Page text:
We can visualize how our life would change if we got pregnant accidentally, got raped, had to navigate the world with small children, felt trapped in a home with a domestic abuser, got a fistula, lived where non-virgins are stoned to death, and many other reproduction-related horrors. We can visualize this because we are women. We wouldn’t think of saying, “I don’t need birth control, so screw the rest of you.”

That’s why feminists are appalled by female genital mutilation, even when it’s geographically remote. That’s why we care about health services for poor women even if we have our own money and health insurance. That’s why we want teenage girls to get better school guidance counseling even if we already have a good job. We don’t feel “excluded.” We feel solidarity.

If you don’t feel solidarity with a group of people, there might be a reason for that.

Let’s think about what topics “include” rather than “exclude” the participants of the average women’s march.

Approximately 50% of the people in the world have two X chromosomes and the reproductive organs capable of gestating young. Let’s call them “women” for convenience. Because we need a word for that. And let’s think globally, because women in developing countries need the gains of feminism the most. What’s discussed at a feminist event isn’t just for the women present. It’s for all women.

That segment of the population needs advocacy for the problems associated with owning those particular organs (to include both taking care of those organs and mitigating the oppressions that happen to people who own those organs). Let’s call that advocacy feminism. I mean, we used to, and that worked for a really long time. It worked until we allowed the people who don’t need that advocacy to silence the people who do.

To this number we can, if you like, add those who “identify” as women. Transgender people make up around .06% of the population by the latest estimates. That percentage includes people who are already female, so we can’t count them twice. We need to identify only the males, or AMABs, if you prefer recasting reality as an oppressive delivery room practice. So as a guess, let’s take half of it, which is .03%.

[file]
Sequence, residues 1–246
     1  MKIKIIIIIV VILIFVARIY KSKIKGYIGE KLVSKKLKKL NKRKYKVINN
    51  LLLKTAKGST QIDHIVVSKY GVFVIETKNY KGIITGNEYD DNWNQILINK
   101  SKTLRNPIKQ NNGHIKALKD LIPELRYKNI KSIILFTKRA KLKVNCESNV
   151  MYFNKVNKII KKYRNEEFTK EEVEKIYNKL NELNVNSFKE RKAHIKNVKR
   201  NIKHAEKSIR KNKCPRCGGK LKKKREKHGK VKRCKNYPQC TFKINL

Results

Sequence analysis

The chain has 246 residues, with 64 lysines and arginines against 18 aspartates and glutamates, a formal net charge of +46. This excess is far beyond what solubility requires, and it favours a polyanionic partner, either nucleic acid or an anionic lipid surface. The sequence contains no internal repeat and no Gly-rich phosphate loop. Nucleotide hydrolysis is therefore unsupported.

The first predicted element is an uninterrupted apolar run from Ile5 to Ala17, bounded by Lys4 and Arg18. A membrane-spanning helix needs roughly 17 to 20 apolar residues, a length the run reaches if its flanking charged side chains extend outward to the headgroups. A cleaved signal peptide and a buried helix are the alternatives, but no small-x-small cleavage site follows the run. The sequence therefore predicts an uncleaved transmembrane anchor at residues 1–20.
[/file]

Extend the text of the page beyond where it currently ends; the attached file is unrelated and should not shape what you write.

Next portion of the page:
So now the number of people who need feminism, plus the number who think they do, is 50.03% of the population, or 50.03 people out of 100.

Approximately 50 of those people need care and advocacy for concerns related to female biology. Approximately one-third of a person does not.

I think we’re being generous with the transgender estimate here, because a vast number of people in the world are too busy trying to find food and to avoid getting shot at to even seek the gender-expression-related validation that feminism apparently owes them.

So the topic of reproductive health includes most women, and should interest even those who aren’t “included,” if we care about liberating the class of women worldwide.

Talking about female reproductive organs destigmatizes female sexuality and female bodies, which is absolutely imperative to creating a world that will stop tolerating the host of torturous societal crimes committed against women all over the globe.

We live in a world where female toddlers are held down to have their genitals sliced off so that the men who will choose them for marriage can be sure they are “pure.” We live in a world where men throw acid in the faces of women over sexual rejection, leaving them blind and disfigured for life. We live in a world where stoning a female teenager to death for rejecting a marriage proposal is called an “honor killing.” We live in a world where grown men marry nine-year-old girls.

As long as we live in this world, we absolutely cannot thwart the vital work of destigmatizing female bodies in favor of debating the universality of the symbolism conveyed by knitted hats.

Anyone who puts up with this type of derailing is an enemy to feminism and to women.

Any male who prioritizes policing “inclusiveness” over solving the heinous problems facing women worldwide demonstrates how very little he understands about womanhood.

And what did the presumably more “inclusive” speaker talk about?

Selfies. Contouring. Celebrating sex work.

The woman carrying the sign didn’t look like a narcissist, a makeup aficionado, or a prostitute. Maybe she felt “excluded” by these topics?

Women in developing countries don’t have time for selfies or makeup tips, either. And when they perform “sex work” it’s often because they were kidnapped and sold into its service. So they’re not exactly in the mood to celebrate.

It would seem that selfies, contouring, and celebrating sex work are rather exclusionary. And being exclusionary is a problem, isn’t it? Should we ban these topics? Isn’t that how this works?